During a professional baseball career that spanned twenty seasons, Hideki Matsui attained superstar status, first in his native Japan and then in Major League Baseball, where he played seven memorable seasons for the New York Yankees. Along the way, he earned the nickname “Godzilla” for his ability to launch rockets from the batter’s box. He also charmed many Bronx Bombers fans with his uniquely humble charisma.
Since his retirement from baseball, Matsui continues to make his home in this area and stay connected to the sport he loves. In 2018, at the age of forty-three, he was the youngest player to be inducted into the Japanese Baseball Hall of Fame. He’s also worked as a roving instructor/mentor for up-and-coming Yankees.
On September 20, Matsui will help host the second Annual Champion A Champion Golf Classic at the Tamarack Country Club in Greenwich. The tournament will benefit his foundation, Matsui 55 Baseball, as well as the Global Citizens Initiative, a Greenwich-based nonprofit that identifies youth leaders from around the world and mentors them in global services projects while promoting cross-cultural dialogue and understanding.
Participants in the tournament include many notables from the world of professional sports and feature a fireside dinner chat between former Yankees and Mets managers Joe Torre and Bobby Valentine. At press time, legendary sports broadcaster Bob Costas was expected to join as the moderator.
In anticipation of the tournament, Matsui sat down to chat alongside Yumi Kuwana, president and founder of Global Citizens Initiative and his personal friend. Although Matsui speaks English, he prefers to use a translator when speaking to the press. Yumi served as his translator.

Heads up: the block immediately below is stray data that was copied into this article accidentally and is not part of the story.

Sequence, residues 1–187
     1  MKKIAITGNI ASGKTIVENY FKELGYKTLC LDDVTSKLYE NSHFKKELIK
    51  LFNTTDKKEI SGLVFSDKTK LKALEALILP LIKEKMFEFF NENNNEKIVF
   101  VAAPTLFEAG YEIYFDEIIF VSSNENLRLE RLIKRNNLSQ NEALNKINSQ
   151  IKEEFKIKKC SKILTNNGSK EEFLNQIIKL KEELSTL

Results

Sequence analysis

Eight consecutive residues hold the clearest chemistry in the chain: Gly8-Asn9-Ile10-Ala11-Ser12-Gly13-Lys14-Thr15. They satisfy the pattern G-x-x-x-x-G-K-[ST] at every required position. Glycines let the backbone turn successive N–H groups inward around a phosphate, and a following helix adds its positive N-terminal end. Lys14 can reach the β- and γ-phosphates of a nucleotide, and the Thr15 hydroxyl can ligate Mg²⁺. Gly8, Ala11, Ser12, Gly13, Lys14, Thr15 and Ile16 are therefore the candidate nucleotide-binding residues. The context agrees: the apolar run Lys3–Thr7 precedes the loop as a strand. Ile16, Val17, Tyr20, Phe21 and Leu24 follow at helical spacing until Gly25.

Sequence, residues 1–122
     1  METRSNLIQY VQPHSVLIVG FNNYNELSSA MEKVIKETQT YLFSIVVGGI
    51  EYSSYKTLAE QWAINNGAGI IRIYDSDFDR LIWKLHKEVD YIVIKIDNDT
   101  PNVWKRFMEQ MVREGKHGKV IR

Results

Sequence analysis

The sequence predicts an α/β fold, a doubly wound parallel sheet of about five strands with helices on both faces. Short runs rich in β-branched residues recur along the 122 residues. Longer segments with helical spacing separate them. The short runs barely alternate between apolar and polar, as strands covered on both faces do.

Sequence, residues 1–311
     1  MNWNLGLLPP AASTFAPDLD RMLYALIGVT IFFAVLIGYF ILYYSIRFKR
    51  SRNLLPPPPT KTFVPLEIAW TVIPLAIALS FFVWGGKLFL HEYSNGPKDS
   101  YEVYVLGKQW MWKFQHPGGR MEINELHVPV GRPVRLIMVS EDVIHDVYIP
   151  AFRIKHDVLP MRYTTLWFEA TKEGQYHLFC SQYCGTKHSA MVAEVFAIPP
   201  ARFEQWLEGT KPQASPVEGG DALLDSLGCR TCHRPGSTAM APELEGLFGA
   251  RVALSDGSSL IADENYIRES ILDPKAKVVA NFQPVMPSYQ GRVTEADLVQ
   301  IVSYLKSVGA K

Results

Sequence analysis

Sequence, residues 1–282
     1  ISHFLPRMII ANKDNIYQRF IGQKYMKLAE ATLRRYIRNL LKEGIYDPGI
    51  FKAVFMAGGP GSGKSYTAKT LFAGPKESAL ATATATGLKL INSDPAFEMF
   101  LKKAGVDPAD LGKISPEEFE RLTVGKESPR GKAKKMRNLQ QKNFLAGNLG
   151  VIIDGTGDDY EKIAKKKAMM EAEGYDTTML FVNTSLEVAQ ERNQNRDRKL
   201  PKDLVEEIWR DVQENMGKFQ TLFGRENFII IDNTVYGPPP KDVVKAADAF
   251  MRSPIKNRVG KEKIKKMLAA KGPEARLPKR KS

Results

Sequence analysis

GREENWICH MAGAZINE: You retired from the MLB in 2013, and for a time you were working for the Yankees as a roving batting instructor for minor league players. Are you still doing that?
HIDEKI MATSUI: I continued to be an advisor up until the end of last year, but then because of Covid I’ve been taking a break. But it was something I truly enjoyed. I found the work very meaningful. It was the first time, after I retired, that I got really involved in coaching. I was able to personally learn things from the experience, but to see the players grow and develop was what I truly liked most.
GM: Would you like to continue?
HM: I’m thinking about it—assessing the situation holistically and deciding what’s next. I want to be respectful of the Yankees, too. They need to think about it as well and decide if it’s right for the organization.
GM: Why did you settle here and not in Japan?